So, Have You Ever Been Disappointed?

What a dumb question that is, right? Of course you have, we all have at one time or another. Well, that’s what happened to me.


Knowing as you do, or should, my affinity (no, I’m not going to say “that’s a different wine”) towards Sauvignon Blanc, therein lies the source of my disappointment. Now I’m not disenchanted with Sauvignon Blanc mind you, no, at least not with the grape. This has to do more with the availability and price of the finished wine.

So a short time ago I get in the mail my latest copy of one of the monthly wine magazines to which I subscribe. Always interesting articles, but something catches my eye almost as soon as I scan the front cover; somewhere lying deep within the pages of this issue they are going to tell me which Sauv Blancs to buy! Needing VERY LITTLE motivation, I find the awaiting article along with what I know will include a listing of some of their favorites and consequently, and most probably, mine as well.

I won’t bore you with the details of the article itself, except to say they extolled the virtues (like I need convincing) of the grape and wines that hale from various regions within California. So let’s move on to the “THE LIST.”

Depending upon how much of a fanatic you are about Sauv Blanc, you might know that there are many a name that sell for well over $50 a bottle. On a recent trip to a wine shop, I came across a French Sauv Blanc from the Loire Valley from Didier Dagueneau that was selling for $125.00! Never had it, probably never will. Anyway, of the wines listed, all scored 90 points or above. Maybe half of the wines I had heard of, the others, not so much.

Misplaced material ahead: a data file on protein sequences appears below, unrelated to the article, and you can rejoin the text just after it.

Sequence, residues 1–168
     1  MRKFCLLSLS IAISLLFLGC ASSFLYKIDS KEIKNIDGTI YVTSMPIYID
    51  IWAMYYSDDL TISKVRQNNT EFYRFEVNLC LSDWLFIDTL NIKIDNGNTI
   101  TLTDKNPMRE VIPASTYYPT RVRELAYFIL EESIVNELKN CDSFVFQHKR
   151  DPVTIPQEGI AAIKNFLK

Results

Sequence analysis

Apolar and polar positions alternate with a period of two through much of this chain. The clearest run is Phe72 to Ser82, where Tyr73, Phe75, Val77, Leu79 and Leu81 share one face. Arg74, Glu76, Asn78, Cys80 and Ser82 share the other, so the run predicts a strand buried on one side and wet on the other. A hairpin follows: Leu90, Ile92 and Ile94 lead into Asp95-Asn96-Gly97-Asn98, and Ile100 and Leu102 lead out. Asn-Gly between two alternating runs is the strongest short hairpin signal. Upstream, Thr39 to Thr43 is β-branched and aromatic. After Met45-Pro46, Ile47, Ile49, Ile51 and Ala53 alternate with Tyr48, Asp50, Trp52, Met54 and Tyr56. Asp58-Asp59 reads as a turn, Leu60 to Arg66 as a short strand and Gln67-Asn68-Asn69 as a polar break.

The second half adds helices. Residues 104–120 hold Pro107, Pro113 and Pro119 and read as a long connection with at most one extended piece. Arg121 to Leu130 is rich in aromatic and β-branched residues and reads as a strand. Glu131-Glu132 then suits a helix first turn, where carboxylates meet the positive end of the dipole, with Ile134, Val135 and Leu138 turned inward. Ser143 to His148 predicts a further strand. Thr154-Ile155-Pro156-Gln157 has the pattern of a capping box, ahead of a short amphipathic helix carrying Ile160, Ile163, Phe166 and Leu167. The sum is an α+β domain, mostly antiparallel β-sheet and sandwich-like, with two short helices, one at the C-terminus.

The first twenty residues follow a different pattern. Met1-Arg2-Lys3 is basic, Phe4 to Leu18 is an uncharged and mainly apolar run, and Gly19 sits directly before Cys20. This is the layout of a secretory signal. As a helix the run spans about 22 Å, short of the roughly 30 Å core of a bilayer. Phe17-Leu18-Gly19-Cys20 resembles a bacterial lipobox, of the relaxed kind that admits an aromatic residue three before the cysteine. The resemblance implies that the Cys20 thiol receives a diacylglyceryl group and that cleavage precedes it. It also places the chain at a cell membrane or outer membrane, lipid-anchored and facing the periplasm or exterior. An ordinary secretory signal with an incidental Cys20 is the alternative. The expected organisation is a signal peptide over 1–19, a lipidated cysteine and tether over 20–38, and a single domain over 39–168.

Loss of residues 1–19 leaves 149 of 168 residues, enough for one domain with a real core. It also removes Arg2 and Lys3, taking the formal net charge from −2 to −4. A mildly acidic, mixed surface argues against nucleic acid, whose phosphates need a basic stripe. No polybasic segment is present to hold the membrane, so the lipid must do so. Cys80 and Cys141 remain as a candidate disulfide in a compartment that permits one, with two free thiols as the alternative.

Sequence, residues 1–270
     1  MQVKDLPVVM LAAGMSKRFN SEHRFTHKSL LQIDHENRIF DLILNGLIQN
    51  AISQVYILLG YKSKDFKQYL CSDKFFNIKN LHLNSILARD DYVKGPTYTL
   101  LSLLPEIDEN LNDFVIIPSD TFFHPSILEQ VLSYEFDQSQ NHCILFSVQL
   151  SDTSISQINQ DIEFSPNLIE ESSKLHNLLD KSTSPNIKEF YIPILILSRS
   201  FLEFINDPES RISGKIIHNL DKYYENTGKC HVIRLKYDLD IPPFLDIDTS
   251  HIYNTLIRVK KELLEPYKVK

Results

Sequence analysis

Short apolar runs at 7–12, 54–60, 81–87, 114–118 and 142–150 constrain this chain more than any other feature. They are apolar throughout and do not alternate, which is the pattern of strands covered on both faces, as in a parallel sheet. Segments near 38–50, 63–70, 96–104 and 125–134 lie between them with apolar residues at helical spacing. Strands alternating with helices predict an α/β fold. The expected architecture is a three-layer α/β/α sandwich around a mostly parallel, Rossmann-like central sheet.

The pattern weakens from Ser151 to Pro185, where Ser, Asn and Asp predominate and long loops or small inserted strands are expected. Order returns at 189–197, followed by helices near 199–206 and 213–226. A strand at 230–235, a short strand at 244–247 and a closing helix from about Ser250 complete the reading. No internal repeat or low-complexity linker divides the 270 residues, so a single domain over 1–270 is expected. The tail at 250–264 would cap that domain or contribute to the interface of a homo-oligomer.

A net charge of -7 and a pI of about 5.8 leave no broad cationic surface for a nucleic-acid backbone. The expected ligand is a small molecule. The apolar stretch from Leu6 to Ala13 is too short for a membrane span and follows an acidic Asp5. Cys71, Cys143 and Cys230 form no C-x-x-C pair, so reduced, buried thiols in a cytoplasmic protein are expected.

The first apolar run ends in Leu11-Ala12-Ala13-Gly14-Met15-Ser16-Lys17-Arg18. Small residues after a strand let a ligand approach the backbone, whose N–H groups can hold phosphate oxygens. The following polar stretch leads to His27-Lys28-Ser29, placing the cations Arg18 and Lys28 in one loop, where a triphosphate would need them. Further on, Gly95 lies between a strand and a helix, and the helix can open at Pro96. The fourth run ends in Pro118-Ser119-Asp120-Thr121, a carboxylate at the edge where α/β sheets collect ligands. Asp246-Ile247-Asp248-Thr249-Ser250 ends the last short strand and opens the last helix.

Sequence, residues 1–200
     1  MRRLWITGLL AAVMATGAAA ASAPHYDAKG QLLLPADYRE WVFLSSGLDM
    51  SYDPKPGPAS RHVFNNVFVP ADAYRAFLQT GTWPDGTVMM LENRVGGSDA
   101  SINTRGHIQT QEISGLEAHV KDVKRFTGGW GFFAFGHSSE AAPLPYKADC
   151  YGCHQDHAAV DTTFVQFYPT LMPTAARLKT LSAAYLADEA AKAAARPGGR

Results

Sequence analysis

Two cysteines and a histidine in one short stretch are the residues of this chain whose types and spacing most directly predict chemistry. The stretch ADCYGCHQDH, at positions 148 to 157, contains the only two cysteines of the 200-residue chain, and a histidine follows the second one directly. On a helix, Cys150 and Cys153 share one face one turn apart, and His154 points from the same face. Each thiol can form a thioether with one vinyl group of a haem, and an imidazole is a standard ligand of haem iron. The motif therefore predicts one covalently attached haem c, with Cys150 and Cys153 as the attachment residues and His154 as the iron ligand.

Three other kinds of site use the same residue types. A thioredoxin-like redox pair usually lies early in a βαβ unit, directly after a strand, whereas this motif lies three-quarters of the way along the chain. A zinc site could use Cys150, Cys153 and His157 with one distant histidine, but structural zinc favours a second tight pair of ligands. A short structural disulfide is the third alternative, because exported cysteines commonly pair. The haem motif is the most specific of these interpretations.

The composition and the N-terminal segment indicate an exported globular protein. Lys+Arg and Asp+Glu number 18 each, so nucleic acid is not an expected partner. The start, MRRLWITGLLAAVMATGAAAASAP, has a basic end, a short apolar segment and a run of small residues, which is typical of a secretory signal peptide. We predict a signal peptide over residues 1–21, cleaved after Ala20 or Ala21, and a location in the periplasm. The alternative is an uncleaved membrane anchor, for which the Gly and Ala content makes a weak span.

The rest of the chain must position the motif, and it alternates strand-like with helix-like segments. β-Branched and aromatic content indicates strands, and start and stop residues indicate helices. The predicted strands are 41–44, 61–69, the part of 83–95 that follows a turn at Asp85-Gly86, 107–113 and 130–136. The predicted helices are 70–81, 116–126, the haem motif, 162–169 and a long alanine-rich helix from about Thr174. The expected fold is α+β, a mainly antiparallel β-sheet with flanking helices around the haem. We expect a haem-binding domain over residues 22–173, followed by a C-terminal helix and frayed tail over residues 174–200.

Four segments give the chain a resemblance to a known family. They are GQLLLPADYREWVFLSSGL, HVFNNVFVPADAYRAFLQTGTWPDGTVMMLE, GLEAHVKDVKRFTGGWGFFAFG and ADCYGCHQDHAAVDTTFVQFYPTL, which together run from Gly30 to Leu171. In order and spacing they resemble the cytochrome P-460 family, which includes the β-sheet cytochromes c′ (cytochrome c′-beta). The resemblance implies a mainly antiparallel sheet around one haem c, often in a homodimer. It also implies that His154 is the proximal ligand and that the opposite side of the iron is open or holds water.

One in particular, whose name is synonymous with exceptional quality, was Peter Michael. Their 2017 Knights Valley L 'Après-Midi. Peter Michael wines are usually only available through their winery membership and highly allocated to boot. Once in a great while, you may find a wine of theirs on a shelf, but rarely. I’ve always wanted to try his wines. The Cabs can be fairly pricey, so maybe this Sauv Blanc will provide a good starting point?

The listing in the magazine shows a price (I’m guessing winery list) of $64. Still high for a Sauv Blanc, but now they’ve pretty much convinced me that I need to try this wine (was not a hard sell), I then convince myself that as a once in a lifetime (or what’s left of it) wine, it’s worth it.

This was important because I remembered that just a day or so before I was in this wine shop and remember seeing the wine ON THE SHELF! Luck has turned in my favor, I can feel it. Not wanting to change my mind at spending the money, I hurried away and drove to the shop. I knew just where the wine was waiting, lying in wait for my hands to wrap around that exquisite bottle and almost as hurried for me to get back home and caress my prize. I’m a man on a mission.

But as so many plans have been born of mistaken information, my plans were to suffer the same consequences. I stand in front of the shelf with the wine nestled in its crib-like mantelpiece, calling for me to reach out and take my prize. A glance, nay, a whisper of light shines just below. It reads

dollar poster.jpg